(Andrew Doughman/Nevada News Bureau) – Democrats grilled the governor’s budget director during a hearing following the release of Gov. Brian Sandoval’s proposed budget yesterday.
Senate Majority Leader Steven Horsford, D-Las Vegas, accused the governor of stifling job creation by “robbing” $44 million out of the state’s highway fund.
The governor’s proposed budget would divert $44 million from the highway fund to two state operating funds.
Horsford said that the money the governor proposes to transfer could be bonded against, which could create infrastructure jobs.
Budget Director Andrew Clinger replied that the state’s highway fund had met its target fund base of $100 million at the end of this past year, and that it too had taken reductions along with other portions of the budget.
“[Those reductions] total $35 million. There was the dispatch center in Reno … as well as a new plane for the state for $7 million,” he said.
“Why someone would recommend doing a new plane in this state’s economy, whatever,” Horsford said.
“Right, so those were items that were …” Clinger said.
“On your part to not even bring that…” Horsford said.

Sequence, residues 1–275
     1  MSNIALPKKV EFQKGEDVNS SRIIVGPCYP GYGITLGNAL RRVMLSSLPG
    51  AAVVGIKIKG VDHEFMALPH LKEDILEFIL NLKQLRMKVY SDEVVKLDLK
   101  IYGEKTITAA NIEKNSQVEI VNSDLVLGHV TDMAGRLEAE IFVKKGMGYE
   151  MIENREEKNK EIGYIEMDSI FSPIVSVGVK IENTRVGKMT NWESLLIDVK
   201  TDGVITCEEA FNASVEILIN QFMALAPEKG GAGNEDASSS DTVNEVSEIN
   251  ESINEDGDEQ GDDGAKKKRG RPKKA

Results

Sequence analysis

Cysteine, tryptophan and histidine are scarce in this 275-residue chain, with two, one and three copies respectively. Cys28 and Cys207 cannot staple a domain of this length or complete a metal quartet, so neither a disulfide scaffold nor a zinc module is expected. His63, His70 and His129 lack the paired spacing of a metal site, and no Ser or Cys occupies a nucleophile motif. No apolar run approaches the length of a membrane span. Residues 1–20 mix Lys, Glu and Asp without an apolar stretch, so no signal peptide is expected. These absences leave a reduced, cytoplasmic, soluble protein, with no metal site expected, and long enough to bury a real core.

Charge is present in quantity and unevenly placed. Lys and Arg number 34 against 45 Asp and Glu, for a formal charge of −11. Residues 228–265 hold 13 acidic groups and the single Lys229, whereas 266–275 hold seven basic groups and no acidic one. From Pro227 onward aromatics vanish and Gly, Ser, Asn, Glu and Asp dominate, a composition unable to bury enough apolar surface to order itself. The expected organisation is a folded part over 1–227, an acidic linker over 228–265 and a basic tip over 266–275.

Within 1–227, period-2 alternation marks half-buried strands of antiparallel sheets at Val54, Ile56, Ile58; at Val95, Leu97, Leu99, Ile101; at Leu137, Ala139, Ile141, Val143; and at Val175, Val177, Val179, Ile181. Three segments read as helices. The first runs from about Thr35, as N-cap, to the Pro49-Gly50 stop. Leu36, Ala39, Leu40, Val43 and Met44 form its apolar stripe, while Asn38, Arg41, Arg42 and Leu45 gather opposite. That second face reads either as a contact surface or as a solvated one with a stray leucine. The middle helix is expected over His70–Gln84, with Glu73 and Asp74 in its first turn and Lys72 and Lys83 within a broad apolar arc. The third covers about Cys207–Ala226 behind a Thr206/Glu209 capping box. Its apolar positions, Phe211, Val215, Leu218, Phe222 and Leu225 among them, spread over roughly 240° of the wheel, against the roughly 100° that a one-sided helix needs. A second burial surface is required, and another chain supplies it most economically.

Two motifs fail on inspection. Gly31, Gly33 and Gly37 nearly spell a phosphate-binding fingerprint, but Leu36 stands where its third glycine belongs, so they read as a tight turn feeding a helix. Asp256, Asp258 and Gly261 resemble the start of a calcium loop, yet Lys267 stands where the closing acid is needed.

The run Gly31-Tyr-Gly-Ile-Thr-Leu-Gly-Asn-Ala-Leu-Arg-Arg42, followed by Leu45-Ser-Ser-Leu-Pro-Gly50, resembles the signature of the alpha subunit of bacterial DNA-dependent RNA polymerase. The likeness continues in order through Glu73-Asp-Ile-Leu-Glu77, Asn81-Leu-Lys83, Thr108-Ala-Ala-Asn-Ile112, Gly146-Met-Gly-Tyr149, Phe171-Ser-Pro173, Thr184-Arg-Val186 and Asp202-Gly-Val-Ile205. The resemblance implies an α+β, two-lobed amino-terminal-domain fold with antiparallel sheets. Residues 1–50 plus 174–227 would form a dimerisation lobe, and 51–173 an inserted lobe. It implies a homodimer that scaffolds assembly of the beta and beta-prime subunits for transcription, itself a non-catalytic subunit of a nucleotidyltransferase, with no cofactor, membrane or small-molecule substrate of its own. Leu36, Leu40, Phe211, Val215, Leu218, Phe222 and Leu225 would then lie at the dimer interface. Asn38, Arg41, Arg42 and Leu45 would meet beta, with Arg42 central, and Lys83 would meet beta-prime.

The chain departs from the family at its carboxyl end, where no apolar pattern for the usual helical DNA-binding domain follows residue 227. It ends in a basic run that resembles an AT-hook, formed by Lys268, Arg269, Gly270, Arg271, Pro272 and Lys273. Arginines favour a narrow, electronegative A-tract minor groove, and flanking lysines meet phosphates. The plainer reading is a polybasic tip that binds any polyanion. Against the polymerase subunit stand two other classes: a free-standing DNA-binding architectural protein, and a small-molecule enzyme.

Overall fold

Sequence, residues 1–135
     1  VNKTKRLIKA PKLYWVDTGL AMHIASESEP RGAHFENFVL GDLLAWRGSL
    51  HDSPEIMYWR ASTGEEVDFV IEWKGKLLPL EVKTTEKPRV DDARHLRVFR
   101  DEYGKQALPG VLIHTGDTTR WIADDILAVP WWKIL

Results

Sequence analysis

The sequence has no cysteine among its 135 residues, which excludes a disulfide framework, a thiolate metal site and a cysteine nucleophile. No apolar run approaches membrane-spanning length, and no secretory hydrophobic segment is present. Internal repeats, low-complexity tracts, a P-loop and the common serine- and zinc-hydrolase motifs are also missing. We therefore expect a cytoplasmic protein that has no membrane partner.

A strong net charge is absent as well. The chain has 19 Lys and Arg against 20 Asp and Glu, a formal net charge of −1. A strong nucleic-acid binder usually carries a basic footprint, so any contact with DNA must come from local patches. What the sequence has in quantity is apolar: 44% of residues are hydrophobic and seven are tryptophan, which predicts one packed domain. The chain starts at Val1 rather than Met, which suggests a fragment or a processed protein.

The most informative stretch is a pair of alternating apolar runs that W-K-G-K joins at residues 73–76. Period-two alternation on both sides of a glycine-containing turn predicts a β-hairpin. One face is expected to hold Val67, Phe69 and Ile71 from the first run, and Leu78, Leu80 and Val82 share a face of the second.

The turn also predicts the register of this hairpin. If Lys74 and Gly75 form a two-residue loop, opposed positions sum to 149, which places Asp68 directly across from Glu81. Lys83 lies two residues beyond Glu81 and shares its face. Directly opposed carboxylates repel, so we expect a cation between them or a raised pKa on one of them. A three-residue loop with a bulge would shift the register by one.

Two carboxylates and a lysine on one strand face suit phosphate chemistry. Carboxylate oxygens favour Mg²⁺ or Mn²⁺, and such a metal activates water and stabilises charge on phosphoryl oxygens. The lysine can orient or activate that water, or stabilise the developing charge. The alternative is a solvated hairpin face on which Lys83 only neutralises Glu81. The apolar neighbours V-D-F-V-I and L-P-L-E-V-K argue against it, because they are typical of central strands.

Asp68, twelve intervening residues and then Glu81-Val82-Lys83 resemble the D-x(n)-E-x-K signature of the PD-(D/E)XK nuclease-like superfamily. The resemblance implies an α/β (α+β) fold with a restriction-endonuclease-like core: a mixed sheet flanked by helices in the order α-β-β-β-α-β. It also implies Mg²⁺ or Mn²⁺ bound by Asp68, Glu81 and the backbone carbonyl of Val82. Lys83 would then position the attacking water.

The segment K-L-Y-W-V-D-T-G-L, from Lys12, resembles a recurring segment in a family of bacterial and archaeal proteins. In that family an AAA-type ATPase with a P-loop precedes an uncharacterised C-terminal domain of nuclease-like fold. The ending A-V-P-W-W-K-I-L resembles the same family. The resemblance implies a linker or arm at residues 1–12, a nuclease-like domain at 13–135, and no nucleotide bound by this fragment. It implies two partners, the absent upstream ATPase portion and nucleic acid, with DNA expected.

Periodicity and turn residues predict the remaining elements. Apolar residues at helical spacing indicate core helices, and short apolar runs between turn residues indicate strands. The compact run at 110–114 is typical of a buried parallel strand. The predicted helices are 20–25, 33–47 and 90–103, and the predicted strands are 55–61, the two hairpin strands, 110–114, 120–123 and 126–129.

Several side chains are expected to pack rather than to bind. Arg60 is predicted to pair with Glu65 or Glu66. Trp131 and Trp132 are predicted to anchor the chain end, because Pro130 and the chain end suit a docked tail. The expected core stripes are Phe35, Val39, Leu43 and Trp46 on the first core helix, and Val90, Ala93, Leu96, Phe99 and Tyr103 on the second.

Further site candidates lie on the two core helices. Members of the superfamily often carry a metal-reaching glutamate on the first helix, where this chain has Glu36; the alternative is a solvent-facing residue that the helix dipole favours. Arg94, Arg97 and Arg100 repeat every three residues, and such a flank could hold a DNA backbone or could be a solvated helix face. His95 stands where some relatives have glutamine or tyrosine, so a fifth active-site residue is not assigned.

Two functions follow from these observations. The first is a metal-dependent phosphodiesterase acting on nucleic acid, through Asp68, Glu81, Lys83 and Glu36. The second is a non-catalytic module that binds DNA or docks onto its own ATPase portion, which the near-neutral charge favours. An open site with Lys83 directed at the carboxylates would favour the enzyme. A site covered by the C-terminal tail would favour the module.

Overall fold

“So those were items that were eliminated in their budget that offset some of this need,” Clinger said.
The confrontational tenor of the debate continued with Clinger on the defensive. He faced a committee of 21 legislators, flanked to his left by Heidi Gansert, the governor’s chief of staff.
As he delivered an electronic presentation of the intricacies of the budget, what he called “re-allocations” and “transfers” quickly became “shifting buckets” and “kicking the can” in the words of legislators.
Democrats did most of the questioning. They interrogated the budget director on the governor’s proposals to get money up-front from insurance premium tax collections. The state would have to pay this money back later, with interest.
Later, legislators asked Clinger why local property taxes from only Washoe and Clark counties should help support UNLV and UNR. What followed was a debate about whether and how much the universities had a statewide impact.
About an hour and a half into the hearing, Horsford again spoke up.
“We want to keep a nice cooperative tone so we’re not going to become argumentative,” he said. “We disagree on this particular revenue source … I don’t want to get into that dispute with you right now.”
“Thank you, mister chairman,” Clinger replied.